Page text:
Sunday, February 01, 2009

At Sundance 2009: La Mission


The 2009 Sundance Film Festival ended last weekend and I am certainly intrigued by the Grand Jury Prize winner "Push" (not to be confused with the lame looking sci-fi flick "Push" coming out this Friday, which looks like a re-tread of the dismal 2008 sci-fi flick "Jumper").

But, even if it didn't win an award, I've also been intrigued by another flick in competition called "La Mission". Benjamin Bratt plays Ché Rivera, a bus driver with a violent streak and a passion for lowrider cars, who discovers that his adored son is gay.

Interestingly, of the very few US films that have tackled gay themes in the Latino community, it's striking that "La Mission", "Quinceañera" - which won the Grand Jury prize at Sundance in 2006 - and "On the Down Low", are all set in Mexican-American communities. Then again, the dominant Latino communities in the cities in which they are set (San Francisco, Los Angeles and Chicago, respectively) is the Mexican-American community.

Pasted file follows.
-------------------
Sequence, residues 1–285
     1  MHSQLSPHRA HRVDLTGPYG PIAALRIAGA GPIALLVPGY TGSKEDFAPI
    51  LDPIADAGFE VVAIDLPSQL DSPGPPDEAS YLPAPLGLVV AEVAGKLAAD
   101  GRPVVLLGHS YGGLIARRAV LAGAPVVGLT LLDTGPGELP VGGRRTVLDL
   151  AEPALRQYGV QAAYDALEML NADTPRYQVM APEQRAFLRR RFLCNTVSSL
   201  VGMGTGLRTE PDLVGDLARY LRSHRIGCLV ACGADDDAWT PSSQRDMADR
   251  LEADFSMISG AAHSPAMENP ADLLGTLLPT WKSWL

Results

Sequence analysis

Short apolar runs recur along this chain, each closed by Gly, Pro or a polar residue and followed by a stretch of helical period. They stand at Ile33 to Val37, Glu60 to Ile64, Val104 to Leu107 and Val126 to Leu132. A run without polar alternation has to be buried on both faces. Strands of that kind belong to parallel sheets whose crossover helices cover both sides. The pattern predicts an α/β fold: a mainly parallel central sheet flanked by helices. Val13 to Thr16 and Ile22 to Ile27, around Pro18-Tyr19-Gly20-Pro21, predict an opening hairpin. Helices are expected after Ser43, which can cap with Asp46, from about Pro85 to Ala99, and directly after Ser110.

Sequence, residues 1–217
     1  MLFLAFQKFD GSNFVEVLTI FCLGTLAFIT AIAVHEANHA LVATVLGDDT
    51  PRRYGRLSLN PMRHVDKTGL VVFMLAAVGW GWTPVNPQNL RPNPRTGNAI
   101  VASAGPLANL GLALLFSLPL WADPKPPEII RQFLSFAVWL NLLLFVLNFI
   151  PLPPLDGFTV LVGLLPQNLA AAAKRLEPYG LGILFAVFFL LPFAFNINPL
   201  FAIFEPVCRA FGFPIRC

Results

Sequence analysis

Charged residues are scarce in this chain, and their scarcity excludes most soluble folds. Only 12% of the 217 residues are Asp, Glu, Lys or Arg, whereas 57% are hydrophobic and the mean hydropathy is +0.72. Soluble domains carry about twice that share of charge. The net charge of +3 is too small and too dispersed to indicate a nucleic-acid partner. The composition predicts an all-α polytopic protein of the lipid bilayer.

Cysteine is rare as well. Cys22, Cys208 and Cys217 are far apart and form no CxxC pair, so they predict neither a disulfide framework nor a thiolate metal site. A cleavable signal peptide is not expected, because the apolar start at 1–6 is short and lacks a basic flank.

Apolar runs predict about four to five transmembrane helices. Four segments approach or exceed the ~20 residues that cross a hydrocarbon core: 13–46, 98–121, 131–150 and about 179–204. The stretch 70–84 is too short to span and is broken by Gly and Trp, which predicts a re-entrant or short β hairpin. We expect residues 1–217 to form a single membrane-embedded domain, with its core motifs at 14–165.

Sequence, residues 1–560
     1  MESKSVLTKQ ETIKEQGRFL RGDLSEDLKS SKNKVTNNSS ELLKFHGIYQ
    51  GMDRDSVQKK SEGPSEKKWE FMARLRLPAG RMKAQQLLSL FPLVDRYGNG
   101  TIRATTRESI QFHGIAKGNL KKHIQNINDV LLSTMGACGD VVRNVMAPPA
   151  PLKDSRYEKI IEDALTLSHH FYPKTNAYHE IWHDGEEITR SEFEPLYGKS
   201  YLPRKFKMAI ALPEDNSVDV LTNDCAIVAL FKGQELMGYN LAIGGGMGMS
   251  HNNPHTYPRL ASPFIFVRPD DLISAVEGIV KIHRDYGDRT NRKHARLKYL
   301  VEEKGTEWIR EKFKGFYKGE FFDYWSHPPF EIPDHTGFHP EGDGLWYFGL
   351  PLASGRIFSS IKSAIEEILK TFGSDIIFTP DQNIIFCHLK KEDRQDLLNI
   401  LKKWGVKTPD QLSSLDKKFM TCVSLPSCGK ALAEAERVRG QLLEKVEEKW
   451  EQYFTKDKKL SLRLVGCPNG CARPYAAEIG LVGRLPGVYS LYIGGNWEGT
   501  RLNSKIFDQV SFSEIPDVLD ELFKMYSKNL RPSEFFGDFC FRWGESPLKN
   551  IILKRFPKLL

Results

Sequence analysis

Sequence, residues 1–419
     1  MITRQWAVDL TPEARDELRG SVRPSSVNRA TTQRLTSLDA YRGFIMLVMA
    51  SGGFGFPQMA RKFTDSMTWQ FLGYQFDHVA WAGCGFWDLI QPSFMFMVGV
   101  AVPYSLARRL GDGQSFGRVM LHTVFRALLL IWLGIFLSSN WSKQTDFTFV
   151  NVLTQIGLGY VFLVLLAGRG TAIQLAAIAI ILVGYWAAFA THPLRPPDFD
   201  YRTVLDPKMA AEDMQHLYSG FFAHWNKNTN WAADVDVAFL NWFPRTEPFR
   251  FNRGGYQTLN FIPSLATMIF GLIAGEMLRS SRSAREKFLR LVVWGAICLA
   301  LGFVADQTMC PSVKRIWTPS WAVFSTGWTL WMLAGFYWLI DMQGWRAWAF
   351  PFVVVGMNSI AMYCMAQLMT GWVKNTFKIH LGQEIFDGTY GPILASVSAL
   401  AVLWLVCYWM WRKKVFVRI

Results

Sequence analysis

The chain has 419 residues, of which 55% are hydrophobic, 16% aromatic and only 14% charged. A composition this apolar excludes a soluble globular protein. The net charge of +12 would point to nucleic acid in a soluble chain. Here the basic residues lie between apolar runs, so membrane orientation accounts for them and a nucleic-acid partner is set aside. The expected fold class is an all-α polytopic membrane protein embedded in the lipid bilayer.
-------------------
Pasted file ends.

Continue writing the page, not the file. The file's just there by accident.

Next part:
Oh, and openly gay former NBA star John Amaechi is listed as a Consulting Producer. Oh! And one more aside: I love the fact that actor Jesse Borrego also has a part in this film. Speaking of groundbreaking roles when it comes our communities represented on the screen check him out as Alexis, a transgender woman, in this "I Like It Like That" clip. Better yet, buy the movie. It's great!

Reviews so far are not bad but not great either. Variety calls the script "a little obvious" but says that the direction and the actors are "pleasingly naturalistic", with Bratt's charisma "at full wattage." The Hollywood Reporter says that the film is a "heartfelt production" which "offers a compelling insider's view of a culture foreign to most moviegoers" and also make note of Bratt's "charismatic performance", but calls the direction "a bit heavy handed". Both publications say that the movie will probably find at home on cable rather than at movie screens.

I for one hope to have the opportunity to see it on the big screen.

Related:
MUST-WATCH CLIPS: Clips from an interesting interview with producers an cast set up at Sundance by GLAAD in which they talk about homophobia and machismo in the Latino community, how they tie to misogyny, Prop. 8 and Latinos, and the film itself. Director Peter Bratt's comments are particularly insightful and you can clearly feel just how much heart went into this film.

Part 1:

Part 2:

Part 3:

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Part 7:

1 comment:

libhom said...

People should be boycotting Sundance. Holding an event in Utah helps to finance Mormon oppression against women, people of color, and queers.